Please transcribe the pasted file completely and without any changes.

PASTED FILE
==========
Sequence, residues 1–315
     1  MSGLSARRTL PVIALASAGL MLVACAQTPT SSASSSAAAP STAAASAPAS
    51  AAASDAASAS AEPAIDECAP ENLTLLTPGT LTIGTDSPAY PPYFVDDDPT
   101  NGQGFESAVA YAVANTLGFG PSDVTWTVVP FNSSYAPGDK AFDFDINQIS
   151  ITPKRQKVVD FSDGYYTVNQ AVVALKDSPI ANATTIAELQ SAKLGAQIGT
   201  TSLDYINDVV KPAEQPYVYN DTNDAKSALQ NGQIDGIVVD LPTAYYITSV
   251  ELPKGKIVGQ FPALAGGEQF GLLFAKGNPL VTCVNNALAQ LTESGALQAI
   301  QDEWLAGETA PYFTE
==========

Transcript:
Sequence, residues 1–315
     1  MSGLSARRTL PVIALASAGL MLVACAQTPT SSASSSAAAP STAAASAPAS
    51  AAASDAASAS AEPAIDECAP ENLTLLTPGT LTIGTDSPAY PPYFVDDDPT
   101  NGQGFESAVA YAVANTLGFG PSDVTWTVVP FNSSYAPGDK AFDFDINQIS
   151  ITPKRQKVVD FSDGYYTVNQ AVVALKDSPI ANATTIAELQ SAKLGAQIGT
   201  TSLDYINDVV KPAEQPYVYN DTNDAKSALQ NGQIDGIVVD LPTAYYITSV
   251  ELPKGKIVGQ FPALAGGEQF GLLFAKGNPL VTCVNNALAQ LTESGALQAI
   301  QDEWLAGETA PYFTE